"Author Lucy McCarraher visited Holt Library on the evening of Wednesday, 22 April and held the audience enthralled as she shared her varied writing career as a journalist, presenter and business consultant, spanning both Australia and Britain. Lucy then went on to describe, events leading up to the publishing of her first novel, Blood and Water, including a visitation from the spirit world, and her research into the background of the spirit character which gave rise to her second novel Kindred Spirits.

"Lucy read passages from Kindred Spirits, a continuation of the story of the Mozart family, first met in Blood and Water, as they move from metropolitan Crystal Palace to rural Norfolk and find their move to an idyllic farmhouse places them in the midst of dark family secrets which date back decades.

"Lucy generously shared the process of her novel writing, how she wove her research into her novels and the route to publishing her books. After a break for refreshments Lucy answered a wide range of questions from the audience. At the close of the evening there was an enthusiastic round of applause and everyone agreed it had been a most enjoyable event."

Thanks once again and I'm looking forward to experiencing Mr Mikey's Ladies this weekend.
Meg Starling
Library Manager

Thursday, 23 April 2009

BlogNor09: The Halo Effect

Now writing about The Halo Effect for the self-help audio book "The Simpler Life" I'm writing with Annabel Shaw. It's really about first impressions - the traits you first recognise in people tend to colour your impression of the whole person. This is why attractive people are often believed to have attractive personalities and you believe that people who come over as competent in one area, the first time you assess their competence, to be competent in general.

Not always true, by any means. But what might it mean for bloggers? If the Halo Effect applies to blogs, how you come over in the first post people read will characterise your whole blog for them. But do we care? Probably not.

Wednesday, 22 April 2009

BlogNor09: Blogging from Bunwell

Driving from Bunwell to Holt yesterday evening to give a talk on Kindred Spirits at Holt Library, I couldn't have had a better reminder of how beautiful the Norfolk countryside is. It was a glorious sunny evening, and the gently undulating fields of rape and early wheat, angular pine forests and traditionally pretty villages looked simply stunning in the soft summer light.

Holt itself is an exceptionally attractive town and provided me with an interested and interesting audience of readers and writers who listened attentively and asked stimulating questions after the delicious snacks that Meg and Tilly at the Library had laid on.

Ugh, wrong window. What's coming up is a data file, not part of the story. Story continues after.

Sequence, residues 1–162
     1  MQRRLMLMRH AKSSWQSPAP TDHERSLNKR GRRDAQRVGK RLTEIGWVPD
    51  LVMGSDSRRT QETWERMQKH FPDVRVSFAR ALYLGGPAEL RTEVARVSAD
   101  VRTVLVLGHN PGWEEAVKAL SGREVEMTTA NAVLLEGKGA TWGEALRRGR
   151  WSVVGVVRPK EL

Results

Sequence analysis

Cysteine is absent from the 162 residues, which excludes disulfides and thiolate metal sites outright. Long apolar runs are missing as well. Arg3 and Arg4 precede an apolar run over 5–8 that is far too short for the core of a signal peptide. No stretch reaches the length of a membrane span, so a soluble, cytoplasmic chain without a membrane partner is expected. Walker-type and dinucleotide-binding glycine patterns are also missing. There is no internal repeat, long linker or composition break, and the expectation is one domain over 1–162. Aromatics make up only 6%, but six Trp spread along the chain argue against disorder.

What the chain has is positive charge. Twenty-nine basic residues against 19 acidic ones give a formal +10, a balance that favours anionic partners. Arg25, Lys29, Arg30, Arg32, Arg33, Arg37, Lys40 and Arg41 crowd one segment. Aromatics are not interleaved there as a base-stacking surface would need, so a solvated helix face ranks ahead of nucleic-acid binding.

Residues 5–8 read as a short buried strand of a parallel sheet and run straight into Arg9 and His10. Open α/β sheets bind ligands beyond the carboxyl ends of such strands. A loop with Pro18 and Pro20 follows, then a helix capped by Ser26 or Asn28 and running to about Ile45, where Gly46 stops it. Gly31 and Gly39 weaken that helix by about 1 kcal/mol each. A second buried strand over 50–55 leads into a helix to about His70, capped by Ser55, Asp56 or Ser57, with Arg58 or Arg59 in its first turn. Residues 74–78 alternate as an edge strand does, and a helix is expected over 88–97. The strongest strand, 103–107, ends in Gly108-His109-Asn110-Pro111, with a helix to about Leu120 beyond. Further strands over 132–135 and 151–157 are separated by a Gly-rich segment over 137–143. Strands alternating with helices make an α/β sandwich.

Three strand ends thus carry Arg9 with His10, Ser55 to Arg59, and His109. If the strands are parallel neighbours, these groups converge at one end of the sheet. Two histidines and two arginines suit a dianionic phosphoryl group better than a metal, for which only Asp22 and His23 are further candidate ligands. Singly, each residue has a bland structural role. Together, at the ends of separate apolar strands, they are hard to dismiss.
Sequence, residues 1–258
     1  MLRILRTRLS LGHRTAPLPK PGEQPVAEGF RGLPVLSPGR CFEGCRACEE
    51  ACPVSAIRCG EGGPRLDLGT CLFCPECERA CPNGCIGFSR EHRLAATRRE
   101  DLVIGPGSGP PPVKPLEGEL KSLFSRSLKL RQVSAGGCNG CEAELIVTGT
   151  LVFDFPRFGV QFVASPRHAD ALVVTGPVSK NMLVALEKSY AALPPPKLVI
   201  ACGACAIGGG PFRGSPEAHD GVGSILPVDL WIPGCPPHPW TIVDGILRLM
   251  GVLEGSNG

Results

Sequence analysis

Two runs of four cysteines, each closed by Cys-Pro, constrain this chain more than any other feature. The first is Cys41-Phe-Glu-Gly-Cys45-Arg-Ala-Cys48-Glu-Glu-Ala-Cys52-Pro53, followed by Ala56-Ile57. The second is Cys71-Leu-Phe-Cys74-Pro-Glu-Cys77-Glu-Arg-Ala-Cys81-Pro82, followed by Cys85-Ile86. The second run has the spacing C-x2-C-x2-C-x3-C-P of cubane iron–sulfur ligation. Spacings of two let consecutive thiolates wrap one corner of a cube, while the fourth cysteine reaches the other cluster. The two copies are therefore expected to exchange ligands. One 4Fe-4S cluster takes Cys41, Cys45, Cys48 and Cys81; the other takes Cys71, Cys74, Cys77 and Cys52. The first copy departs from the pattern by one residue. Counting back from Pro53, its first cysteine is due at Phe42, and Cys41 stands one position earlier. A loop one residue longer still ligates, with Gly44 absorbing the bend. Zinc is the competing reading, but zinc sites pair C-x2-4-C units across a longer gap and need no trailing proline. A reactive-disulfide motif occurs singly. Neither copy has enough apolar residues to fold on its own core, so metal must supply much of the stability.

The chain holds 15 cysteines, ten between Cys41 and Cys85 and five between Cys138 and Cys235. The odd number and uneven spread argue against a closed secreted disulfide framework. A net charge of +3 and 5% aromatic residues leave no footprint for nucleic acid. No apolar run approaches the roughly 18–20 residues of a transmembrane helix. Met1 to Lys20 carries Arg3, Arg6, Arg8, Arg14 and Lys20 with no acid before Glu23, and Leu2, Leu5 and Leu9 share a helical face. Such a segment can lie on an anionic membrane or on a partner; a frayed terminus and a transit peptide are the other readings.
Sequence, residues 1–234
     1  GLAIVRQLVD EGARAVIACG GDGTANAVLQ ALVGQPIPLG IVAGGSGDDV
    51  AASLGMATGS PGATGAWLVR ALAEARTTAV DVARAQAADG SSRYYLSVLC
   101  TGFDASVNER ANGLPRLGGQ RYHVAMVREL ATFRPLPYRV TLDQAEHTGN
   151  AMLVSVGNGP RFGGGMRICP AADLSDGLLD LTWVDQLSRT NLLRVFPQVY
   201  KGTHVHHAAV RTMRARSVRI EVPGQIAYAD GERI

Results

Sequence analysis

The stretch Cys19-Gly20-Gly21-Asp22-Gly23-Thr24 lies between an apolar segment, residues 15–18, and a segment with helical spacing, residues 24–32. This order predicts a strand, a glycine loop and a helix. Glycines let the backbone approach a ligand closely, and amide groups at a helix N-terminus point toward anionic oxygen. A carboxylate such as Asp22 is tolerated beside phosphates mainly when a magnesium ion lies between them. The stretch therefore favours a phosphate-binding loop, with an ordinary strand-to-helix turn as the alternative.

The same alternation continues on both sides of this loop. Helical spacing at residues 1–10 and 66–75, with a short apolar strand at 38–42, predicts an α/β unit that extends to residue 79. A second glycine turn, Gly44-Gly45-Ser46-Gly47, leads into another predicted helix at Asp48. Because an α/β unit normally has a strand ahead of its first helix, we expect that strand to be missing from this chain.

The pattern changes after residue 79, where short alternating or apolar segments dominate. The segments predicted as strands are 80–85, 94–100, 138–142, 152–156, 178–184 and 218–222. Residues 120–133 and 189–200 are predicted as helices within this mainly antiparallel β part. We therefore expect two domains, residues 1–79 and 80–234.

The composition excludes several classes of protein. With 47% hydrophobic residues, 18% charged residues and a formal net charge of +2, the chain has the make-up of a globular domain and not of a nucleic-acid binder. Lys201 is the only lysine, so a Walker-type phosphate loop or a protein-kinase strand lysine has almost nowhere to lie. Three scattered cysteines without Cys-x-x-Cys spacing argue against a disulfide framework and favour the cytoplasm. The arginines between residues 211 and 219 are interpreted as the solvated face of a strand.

The evening before I had had an equally enjoyable time talking at Long Stratton Library. The first time I spoke there was nearly three years ago when my first novel, Blood and Water came out. I mentioned then that I was thinking of writing a novel set locally during the Second World War, and a gentleman gave me some useful information about James Stewart and Walter Matthau, who both served as members of the USA Air Force based at Old Buckenham Air Base. I incorporated some of this material into Kindred Spirits, so I was very pleased to see the same man at my second talk, and thank him for his contribution.

Kindred Spirits got a very nice review from Keith Skipper in the EDP Sunday Magazine the weekend before last. He called me "An exciting new talent" and said the book was "...a telling fusion of teasing fiction and local history." Keith also commended me for setting "a perfect example to colleagues in (the tv) medium by employing plenty of authentic Norfolk dialect words and phrases. Perhaps she can pass on a few tips to the cast of Kingdom." What Keith didn't say was that I'd listed his own book, Larn Yourself Norfolk: a comprehensive guide to the Norfolk dialect, amongst my source material in the Bibliography of KS !

He did email me, though, to repeat how much he'd enjoyed the book and suggest that I submit it for this year's East Anglian Book Awards (sponsored my Jarrolds and the EDP) - which I have now done.

Today (23rd April) is BBC Norfolk's Blogging Norfolk Day, when they hope to create a snapshot of Norfolk life across the East Anglian blogosphere. I was in the Radio Norfolk studio on Tuesday, talking about my third novel, Mr Mikey's Ladies. Mr Mikey has his own blog - perhaps he should make a contribution, though he's hardly a Norfolk boy. A South Londoner, his current home is in Sydney, from where he dispenses Agony Aunt advice to any of his Ladies visiting his e-salon, and other celebrities besides.